We then get taken back to the Bill Clinton lookalike but this time for an interview! Absolutely bonkers. Back to the ring and in a match straight out of a 2015 edition of Raw, Alundra Blayze defended the newly reinstated Women’s Title against Leilani Kai in a match that was given less airtime than Finkel’s wig modelling earlier. The 2015 Hall Of Fame inductee wrapped things up in 3 minutes. Some things never change I guess (apart from hash-tags).
The Tag Team Titles were on the line next as The Quebecers defended their title against Men On A Mission with a future "King Of The Ring" Mabel looking slightly slimmer than in his later days as Viscera and Big Daddy V. It was actually a better match than the horror show I expected and went at a decent pace but ended with The Quebecers running away and keeping hold of the belts with a countout defeat.
The first of the nights title matches saw a now babyface Lex Luger dressed in the stars and stripes oiled up and ready to take on Yokozuna. The twist in the tale was Mr Perfect was to be the special guest referee on his return to WWE. He had actually feuded with Luger previously and they had fought at WrestleMania IX. Just as you could predict how Owen vs Bret would turn out, you can guess how this one played out. If you had a match like this in Stu's "Dungeon" you probably wouldn't get out alive. Luger couldn't even be bothered to look interested during the many rest holds. The match did end with some excitment when Luger had Yokozuna beat after a running forearm smash but Perfect was busy getting the battered bodies of Jim Cornette and Mr Fuji, who Luger had also taken care of, out of the ring. In his frustration at the lack of a count Luger grabbed Perfect who then disqualified Luger and turned heel in the process.
I'm not even going to give the next "match" any credibility by writing about it, but there were more wig jokes and Eathquake beat Adam Bomb in about twenty seconds. Of course then we had to hear more from the fake Bill Clinton, this time with Ted Dibiase. Flogging a dead horse springs to mind.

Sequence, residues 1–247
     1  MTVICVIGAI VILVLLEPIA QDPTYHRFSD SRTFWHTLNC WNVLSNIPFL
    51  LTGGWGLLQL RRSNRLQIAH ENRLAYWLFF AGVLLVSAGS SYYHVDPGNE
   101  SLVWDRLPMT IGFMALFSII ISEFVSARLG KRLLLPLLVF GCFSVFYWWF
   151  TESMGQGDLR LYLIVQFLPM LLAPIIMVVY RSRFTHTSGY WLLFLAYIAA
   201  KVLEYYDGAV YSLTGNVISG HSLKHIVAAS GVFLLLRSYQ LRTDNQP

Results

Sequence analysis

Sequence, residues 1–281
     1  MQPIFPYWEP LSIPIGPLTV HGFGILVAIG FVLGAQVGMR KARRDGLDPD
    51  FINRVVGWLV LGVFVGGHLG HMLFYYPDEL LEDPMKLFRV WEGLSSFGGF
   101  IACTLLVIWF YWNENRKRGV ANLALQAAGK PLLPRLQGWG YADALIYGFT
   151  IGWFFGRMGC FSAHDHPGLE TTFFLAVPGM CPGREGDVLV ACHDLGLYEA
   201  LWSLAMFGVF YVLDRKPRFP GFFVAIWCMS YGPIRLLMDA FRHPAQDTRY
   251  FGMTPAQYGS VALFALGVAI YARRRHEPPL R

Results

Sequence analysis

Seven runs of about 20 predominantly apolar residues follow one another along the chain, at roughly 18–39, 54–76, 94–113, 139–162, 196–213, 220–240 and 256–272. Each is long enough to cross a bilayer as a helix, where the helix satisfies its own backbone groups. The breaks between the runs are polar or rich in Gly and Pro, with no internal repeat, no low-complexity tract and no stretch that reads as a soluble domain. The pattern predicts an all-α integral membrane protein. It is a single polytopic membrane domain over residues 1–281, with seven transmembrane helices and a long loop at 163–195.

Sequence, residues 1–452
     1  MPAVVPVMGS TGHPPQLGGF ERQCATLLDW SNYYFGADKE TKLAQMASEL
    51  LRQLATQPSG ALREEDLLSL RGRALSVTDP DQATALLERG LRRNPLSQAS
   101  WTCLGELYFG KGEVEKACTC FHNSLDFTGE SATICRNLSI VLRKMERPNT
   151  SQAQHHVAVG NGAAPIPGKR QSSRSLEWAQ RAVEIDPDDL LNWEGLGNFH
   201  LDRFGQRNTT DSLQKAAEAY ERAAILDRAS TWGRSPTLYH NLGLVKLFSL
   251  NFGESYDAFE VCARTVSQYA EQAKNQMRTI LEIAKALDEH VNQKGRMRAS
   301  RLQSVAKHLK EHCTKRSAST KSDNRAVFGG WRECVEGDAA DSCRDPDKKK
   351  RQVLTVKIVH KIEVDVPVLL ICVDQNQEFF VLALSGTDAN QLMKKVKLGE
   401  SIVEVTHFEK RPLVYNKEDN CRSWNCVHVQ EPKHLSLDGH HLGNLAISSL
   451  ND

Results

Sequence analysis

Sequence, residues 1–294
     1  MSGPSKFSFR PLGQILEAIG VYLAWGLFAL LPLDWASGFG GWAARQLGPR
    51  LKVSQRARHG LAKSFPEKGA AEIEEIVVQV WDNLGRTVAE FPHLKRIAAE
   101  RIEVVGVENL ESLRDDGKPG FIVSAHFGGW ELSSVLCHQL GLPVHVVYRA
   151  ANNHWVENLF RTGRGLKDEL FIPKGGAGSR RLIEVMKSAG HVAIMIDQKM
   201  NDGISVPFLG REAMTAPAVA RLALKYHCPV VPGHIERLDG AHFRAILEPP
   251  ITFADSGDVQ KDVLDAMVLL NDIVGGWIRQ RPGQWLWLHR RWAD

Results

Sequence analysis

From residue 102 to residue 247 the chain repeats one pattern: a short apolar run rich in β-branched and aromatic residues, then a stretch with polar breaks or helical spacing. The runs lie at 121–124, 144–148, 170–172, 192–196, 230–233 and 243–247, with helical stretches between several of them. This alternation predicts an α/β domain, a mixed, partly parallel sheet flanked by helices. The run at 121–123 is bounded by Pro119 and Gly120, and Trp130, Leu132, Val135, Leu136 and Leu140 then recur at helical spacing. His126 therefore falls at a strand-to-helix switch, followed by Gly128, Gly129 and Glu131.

The next match was a ladder match, an Intercontinental Title match and the second 5/5 match of the evening. Shawn Michaels, accompanied by bodyguard Diesel against Razor Ramon in a coming together of "The Kliq". They may have been men with big egos but they knew how to deliver on"The Grandest Stage of Them All". It wasn't long before Kevin "Diesel" Nash was sent to the back after taking out Ramon despite being told a few minutes earlier that there were "no rules" by the announce team.
What then follows is about fifteen minutes or so of WWE at its finest. Even if you have never seen the match in full you will have seen most of the iconic moments that are used in almost every Wrestlemania (or just WWE for that matter) montage. The match ended similarly to Crush vs Savage earlier in the evening with Michaels left tied up for Razor Ramon to climb the ladder and collect the belts. There may have been much dangerous matches in the years since this, more insane bumps but at the time this was a game changer. If you haven't seen it, I implore you to get on the WWE Network right now and play it back.
The next match, an eight man tag, was cancelled due to time constraints (they could have shaved ten mins off Yokozuna vs Luger with no complaints) so in order to justify its exclusion we next see a kayfabe argument between the heel team unable to decide who would be captain.
Yet still before the main event we welcome Burt Reynolds as ring announcer and the legendary Roddy Piper as guest referree. As previously Yokozuna tries his best to stink the place out but Bret does all he can to make a match of it and for that alone he deserved the win and his WrestleMania moment. After a ten minute bout Bret "The Hitman Hart" wins by pinfall and is then joined in the ring by all the roster babyfaces who hold him aloft in the centre of the ring. A classic WrestleMania moment.
In part two I will look at WrestleMania XII, which was the best of the two and whether either can stands tall with the more modern WrestleMania events. Ok I'm sorry I may have slightly misled you again!